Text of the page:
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Len Ziehm On Golf

Name changes don’t detract from Meadowood’s interesting past

A rich history is just part of the charm at Florida’s Meadowood club.


FORT PIERCE, Florida – Golf courses tend to have their ups and downs. Many of those that are opened with extraordinary hoopla don’t stay in the spotlight for long. That’s what happened at a course known as Monte Carlo Country Club when it opened on Oct. 1, 1983.

Monte Carlo was one of the very first courses in what is now the Tournament Players Club Network – clubs that are licensed by the PGA Tour. Eighteen of the 30-plus that exist world-wide now are operated by PGA Tour Properties and many were awarded big tournaments quickly after opening for play.

That was the case when TPC Monte Carlo hosted three events on the fledgling Senior PGA Tour – now PGA Tour Champions – in the 1980s.

TPC courses — whether they’re private, resort or daily fee – are recognized as premier layouts. Florida has five of them, headed by TPC Sawgrass in Ponte Vedra, site of The Players Championship in March. Few TPC courses anywhere, however, have a history as interesting as that of what started out as TPC Monte Carlo.

Now known – for the second time – as Meadowood, this club got off to a rousing start when Hall of Famer Ray Floyd smashed the opening tee shot. Two months after that TPC Monte Carlo hosted the World Mixed Championship with Sam Snead and Joanne Carner winning the title.

Two years later the Senior PGA opened its 1985 season with an event called the Sunrise Senior Classic at TPC Monte Carlo. Miller Barber was its champion, beating Orville Moody in a February duel for one of his 24 victories on the 50-and-over circuit.

Damage resulting from two hurricanes led to Meadowood getting a rebuilt clubhouse.


Prize money remained at $225,000 with $33,750 to the winner a year later but the tournament got a name change. It was the Treasure Coast Classic when Charlie Owens took the title in the second event of the 1986 Senior PGA Tour campaign. (Barber had won the first and Owens stayed hot enough to win again three weeks later).

That was the end of TPC Monte Carlo’s run as a major tournament site but hardly the end of its time in the limelight of golf. The legendary Snead moved to the area in 1988 and was the club’s resident pro emeritus until his death in 2002. The club, in fact, celebrated Snead’s 90th birthday just before Snead hit his last ceremonial first tee shot at that year’s Masters. He passed on shortly after that.

Snead wasn’t the only prominent golfer hanging out at TPC Monte Carlo. Bernhard Langer had a home near the 14th tee and was brought in to represent the club. Four Masters champions either lived or played there with one of them, Bob Goalby, also a particularly frequent visitor. Tennis great Bjorn Borg also spent time on the club’s tennis courts.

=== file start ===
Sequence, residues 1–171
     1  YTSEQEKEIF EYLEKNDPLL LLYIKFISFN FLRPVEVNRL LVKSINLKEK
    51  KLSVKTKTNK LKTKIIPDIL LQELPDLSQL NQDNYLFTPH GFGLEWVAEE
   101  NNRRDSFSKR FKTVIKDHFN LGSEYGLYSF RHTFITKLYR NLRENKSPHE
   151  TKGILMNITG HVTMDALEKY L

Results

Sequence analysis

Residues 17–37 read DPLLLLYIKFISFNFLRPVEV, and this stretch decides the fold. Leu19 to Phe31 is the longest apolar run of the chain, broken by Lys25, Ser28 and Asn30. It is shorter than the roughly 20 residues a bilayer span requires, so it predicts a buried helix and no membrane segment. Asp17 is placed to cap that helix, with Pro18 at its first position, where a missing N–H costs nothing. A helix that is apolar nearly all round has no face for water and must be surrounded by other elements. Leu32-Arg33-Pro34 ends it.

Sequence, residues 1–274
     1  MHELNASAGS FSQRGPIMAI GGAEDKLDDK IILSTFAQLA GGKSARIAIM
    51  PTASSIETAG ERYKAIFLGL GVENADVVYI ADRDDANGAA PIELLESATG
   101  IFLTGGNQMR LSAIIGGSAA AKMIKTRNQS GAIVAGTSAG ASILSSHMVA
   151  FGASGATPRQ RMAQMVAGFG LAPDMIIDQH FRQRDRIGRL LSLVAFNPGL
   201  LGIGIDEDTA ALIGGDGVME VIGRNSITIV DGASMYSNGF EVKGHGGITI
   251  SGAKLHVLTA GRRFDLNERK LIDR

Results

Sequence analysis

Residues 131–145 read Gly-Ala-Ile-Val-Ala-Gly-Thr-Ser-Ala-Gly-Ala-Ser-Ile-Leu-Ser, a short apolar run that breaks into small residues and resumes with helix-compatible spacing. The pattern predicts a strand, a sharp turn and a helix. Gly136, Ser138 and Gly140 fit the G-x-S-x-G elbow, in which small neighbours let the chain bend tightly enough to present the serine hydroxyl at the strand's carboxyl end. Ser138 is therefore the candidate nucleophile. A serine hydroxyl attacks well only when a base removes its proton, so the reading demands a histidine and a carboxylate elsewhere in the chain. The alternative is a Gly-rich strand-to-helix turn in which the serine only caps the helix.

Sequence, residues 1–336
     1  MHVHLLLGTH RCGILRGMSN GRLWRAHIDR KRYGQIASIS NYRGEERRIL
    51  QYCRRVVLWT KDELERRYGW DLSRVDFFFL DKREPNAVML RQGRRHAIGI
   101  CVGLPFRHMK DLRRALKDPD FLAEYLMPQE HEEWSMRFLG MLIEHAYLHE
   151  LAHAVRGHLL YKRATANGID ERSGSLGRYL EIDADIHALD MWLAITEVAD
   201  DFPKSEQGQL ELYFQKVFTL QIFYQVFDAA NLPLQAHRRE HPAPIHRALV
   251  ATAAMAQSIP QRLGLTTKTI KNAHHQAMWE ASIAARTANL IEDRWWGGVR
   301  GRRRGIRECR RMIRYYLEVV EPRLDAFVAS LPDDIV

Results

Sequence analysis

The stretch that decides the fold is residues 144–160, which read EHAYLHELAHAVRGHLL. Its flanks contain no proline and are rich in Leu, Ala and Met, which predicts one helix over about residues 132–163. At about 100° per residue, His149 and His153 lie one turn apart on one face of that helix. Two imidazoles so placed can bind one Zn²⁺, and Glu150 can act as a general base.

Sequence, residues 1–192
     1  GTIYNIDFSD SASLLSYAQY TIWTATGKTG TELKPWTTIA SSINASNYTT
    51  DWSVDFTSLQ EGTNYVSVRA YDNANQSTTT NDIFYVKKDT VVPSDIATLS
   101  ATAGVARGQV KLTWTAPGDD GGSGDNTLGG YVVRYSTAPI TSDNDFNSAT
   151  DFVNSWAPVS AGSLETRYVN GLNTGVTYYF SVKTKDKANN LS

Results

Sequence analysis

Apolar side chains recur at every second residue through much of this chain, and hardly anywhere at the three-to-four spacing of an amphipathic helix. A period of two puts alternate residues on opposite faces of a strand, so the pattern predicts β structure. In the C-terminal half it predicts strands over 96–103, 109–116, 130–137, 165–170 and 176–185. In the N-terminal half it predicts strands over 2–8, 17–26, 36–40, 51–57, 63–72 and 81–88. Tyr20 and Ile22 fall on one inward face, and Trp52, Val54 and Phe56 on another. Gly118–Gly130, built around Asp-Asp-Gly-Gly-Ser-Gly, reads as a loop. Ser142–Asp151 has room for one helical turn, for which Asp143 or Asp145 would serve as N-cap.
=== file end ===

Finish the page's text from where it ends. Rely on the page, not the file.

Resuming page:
A fountain doesn’t come into play, but it does spice up the look of Meadowood’s last stretch of holes.


That was quite a start for a course created by Florida designer Charles Ankrom. Ankrom, from nearby Palm City, was a prominent course designer in the Sunshine state with over 23 layouts on his resume in addition to courses in the Dominican Republic, Venezuela and Japan. Ankrom passed on in 2009 at the age of 72. By then his most prominent creation had been renamed three times.

Ankrom created his course for a German group of investors out of what was a virgin pine forest and had it available for play two months before the clubhouse opened on Dec. 1, 1983.

After its run as a tournament venue the Hankins Group purchased the property in August, 1988 and renamed its Meadowood. A group of members took over the facility in 1992 and leased it to a development company in 1996. The name was changed to Panther Woods at that point and existed under that title for nearly 10 years.

The homes around the Meadowood course offer some eye-catching architecture.


In 2004, two years after Snead’s death, the club was devastated by two hurricanes. The course was closed for over two months and the clubhouse for over six months before members took over the property again in January of 2005. They benefitted from a rebuilt clubhouse following the hurricanes, ordered a major course renovation in 2006 and restored the Meadowood name in 2009.

Other than acknowledging Snead’s connection, the club doesn’t dwell much on its most notable past. There’s not need to do that. Meadowood is definitely one of the best options for golfers visiting south Florida. It remains comfortably distant from the busy areas of nearby Fort Pierce and Vero Beach in what is very much a private club-type gated community. The club, though, allows most affordable public play at certain times.

The course, in great condition when we played it, measures 6,773 yards from the back tees with a rating of 72.8 and slope of 136. With six sets of tee markers, it is suitable for all types of players. Most notably, the course becomes more of a fun challenge as it goes along and the last four holes create a most memorable home stretch.

Water comes into play in a variety of ways during a round at Meadowood.